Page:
Tuesday, January 10, 2012

Cast Iron Skillets

As I get back into my paleo/primal/low-carb diet/lifestyle after a break of a few months, which I realise now was a huge mistake, I realise I should do an article on cast iron cookware, specifically, the skillets that I use to prepare so much of my food. This morning, the small skillet was finally re-seasoned to the point that not a bit of egg stuck. So, I feel now is the perfect time to go over the care and use of cast iron skillets.

First, a little background on what happened to my wonderful skillet, and why I was so excited that I fixed it. A well seasoned cast iron skillet is a non-stick cooking implement. You should be able to cook an egg or three without having to worry about anything sticking to the pan. This is how my skillet was… until one morning a couple months ago when I wasn't paying attention and set the skillet to preheat on the highest setting the stove allows (typically reserved for boiling pots of water). The excessive heat, combined with me not being in the kitchen to notice (I know about how long it takes my skillet to come to heat, so I typically use that time doing other things) for way too long for that level of heat caused the seasoning to cook/dry out or otherwise completely ruin. Had I been a bit more awake, and a bit less panicked upon discovery, I could have easily fixed it then, but I didn't, and now I have a reseasoning story to tell.

So, how did I reseason the skillet? I'll tell you what I didn't do. I didn't strip it (though I thought about it, as it wouldn't have hurt anything, and would have let me clean the bottom and outsides), because I didn't really have the time. I didn't do some fancy oven ritual like I've done in the past (before I learned better) using oil and possibly salt, and a whole bunch of paper towels. As, a) I didn't really have the time, and b) I didn't want to mess with it. Here's what I did do. I used it, near daily, and dealt with the pains of cooking on an unseasoned skillet as they came up, taking proper care during and after use. It might have taken a bit longer than the oven ritual would have been, but that time was spread out over months, and resulted in a better seasoning than I could ever have gotten out of the oven ritual.

That brings us to the meat of this post:

How to use and care for a cast iron skillet

And what to do when things go wrong…

First things first, pre-heat your skillet. Just set it on the eye, and turn the heat on to where it will be when you're cooking. Keep in mind that if it's cold, jumping straight to high heat might be a bad idea, and if you are cooking at high heat, you'll want to preheat to a medium-high, add your fat/oil, then bring it up to high. I don't heat dry to anything too far past medium. Now, as to the question of if you should add a cooking fat/oil or not, and how much, it depends on what you're cooking. If you're cooking something fatty, like bacon, there's no need. But it you're kicking around some strips of meat and vegetables for fajitas, it's a good idea. If you're using fat/oil, let it come to heat before adding your food.

Now, what to cook with. In this day and age of Teflon and other non-stick coatings, we have been conditioned to use plastic, wood, bamboo, or anything other than metal, so as to avoid scratching the surface. This is exactly the opposite when it comes to cooking on cast iron. You want to cook with a metal spatula (burger flipper) with a flat edge and preferably rounded corners (because your skillet is rounded as well). Scraping the pan is exactly what you want to do, this helps hone a flat cooking surface.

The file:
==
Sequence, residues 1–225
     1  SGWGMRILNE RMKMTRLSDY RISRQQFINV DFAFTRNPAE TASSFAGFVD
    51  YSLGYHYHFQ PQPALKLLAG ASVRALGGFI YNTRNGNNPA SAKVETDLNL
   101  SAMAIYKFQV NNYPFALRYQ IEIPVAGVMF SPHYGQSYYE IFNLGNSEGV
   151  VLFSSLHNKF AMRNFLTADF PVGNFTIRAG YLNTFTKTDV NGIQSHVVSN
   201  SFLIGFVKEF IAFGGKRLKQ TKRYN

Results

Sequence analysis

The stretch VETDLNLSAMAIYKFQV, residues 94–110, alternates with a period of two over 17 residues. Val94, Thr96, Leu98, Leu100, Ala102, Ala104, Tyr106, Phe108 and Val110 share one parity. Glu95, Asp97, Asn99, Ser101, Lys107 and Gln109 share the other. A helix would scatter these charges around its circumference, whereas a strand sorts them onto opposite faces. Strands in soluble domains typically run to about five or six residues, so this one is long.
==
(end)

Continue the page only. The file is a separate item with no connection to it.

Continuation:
Now, how to clean your skillet: wipe it out. That's all there is to it. Just scrap it flat, dump any scrapings into the compost/trash, and wipe it out with a paper towel. If it's really bad (sticky, burnt, etc.), don't use soap. If your pan is very well seasoned, a little soap shouldn't hurt it, but there's still no need. Here's what you do. While the pan is still hot (or you can bring it back to heat if it's cooled), scrape as much out as you can and pour in vinegar, preferably distilled white vinegar (you can also use a cheap wine). This will deglaze the pan and make all the sticky gunk come right off as you scrape with your metal spatula. Dump it out and wipe with a paper towel. If it's really bad you may need to repeat until the towel comes away clean. Now, and this is the most important part, while the pan is still hot (heat it if you need to), dip a towel (or paper towel) in your cooking fat/oil/grease, to get just a tiny bit on there, and wipe it all over the inside of your skillet. Once coated, take a clean towel (again, paper towels work too), or a clean dry part of the other towel, and wipe out all excess, leaving a very thin coating in the pan, and let it air cool.

As long as you use and care for your skillet in the above manner, it will form a nice seasoning, and soon you will find food doesn't stick as much, then not at all. Even if you ruin your skillet, as long as it's not cracked, you can scrub away any rust and follow the use and care instructions above and soon it will be as good as, or better than (in some cases), new.

Note: a lot of the above information, and more, can be found in Paul Wheaton's article How To: Cast Iron Skillet Non-Stick and Lasts a Lifetime on RichSoil.com. On thing you won't find there is the deglazing (vinegar/wine) method for when food gets stuck or the skillet gets sticky. It's something I discovered on my own that I just don't think I've mailed him about, but it works quite well.

Take care of your cast iron and it will take care of you, and your children, and their children.

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